Microbusinesses are returning to the forefront of the economy, a new report by the RSA will suggest.

Research conducted by the RSA for their ‘The Second Age of Small’ report revealed that microbusinesses account for 41% of employment in the 20 fastest growing industries, from figures taken between 2010 and 2014,  despite only representing 34% of overall employment.

Microbusinesses employ 75% of workers in personal service activities, 45% in computer programming and consultancy, 57% in education, and 40% in human health activities.

Interim findings, released in conjunction with the RSA’s self-employment summit, reveal that microbusinesses are likely to thrive in industries founded on relationships, experiences, artisanship and care, as these qualities that are more likely to be found among microbusinesses and the self-employed than larger corporate structures.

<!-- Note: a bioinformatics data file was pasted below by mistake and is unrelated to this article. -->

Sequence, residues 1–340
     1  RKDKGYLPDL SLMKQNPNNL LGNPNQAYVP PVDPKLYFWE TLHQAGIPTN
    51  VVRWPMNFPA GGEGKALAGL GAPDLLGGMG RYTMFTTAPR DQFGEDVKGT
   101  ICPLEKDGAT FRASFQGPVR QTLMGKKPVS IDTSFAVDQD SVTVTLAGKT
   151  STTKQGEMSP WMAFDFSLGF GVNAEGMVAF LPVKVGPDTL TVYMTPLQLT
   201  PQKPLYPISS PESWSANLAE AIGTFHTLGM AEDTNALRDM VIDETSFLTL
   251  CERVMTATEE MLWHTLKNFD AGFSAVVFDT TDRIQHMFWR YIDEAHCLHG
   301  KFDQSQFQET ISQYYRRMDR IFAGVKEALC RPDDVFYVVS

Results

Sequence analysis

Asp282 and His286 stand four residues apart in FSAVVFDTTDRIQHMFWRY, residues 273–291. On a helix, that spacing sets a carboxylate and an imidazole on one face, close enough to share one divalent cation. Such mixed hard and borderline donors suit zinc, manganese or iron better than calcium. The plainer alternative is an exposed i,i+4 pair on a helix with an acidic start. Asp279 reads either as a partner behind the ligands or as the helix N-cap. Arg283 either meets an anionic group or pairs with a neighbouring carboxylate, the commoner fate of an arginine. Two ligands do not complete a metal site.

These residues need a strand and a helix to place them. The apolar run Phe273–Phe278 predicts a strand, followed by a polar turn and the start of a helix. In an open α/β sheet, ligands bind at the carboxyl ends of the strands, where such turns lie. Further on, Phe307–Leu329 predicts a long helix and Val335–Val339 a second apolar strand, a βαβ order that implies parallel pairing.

Benedict Dellot, senior researcher at the RSA, said:

“We have called this phenomenon the ‘Second Age of Small’ – a phrase that captures how the economy is returning to its roots.

“We seem to be going full circle. Why? First, because consumers are turning away from mass produced goods for more meaningful products. And second, because technology has diminished many of the advantages of scale.

“The lesson for government and wider society is to start treating microbusinesses and the self-employed more seriously.”

Recent figures revealed that there are now over 5 million microbusinesses in the UK – a 53% increase since 2000. In contrast, the number of large firms – classed as 250+ employees – has increased by just 2% in this time.

The RSA conducted a research project into the boom in self-employment in 2014, which they say addressed a variety of myths surrounding the sector.

We interviewed Benedict Dellot to find out more: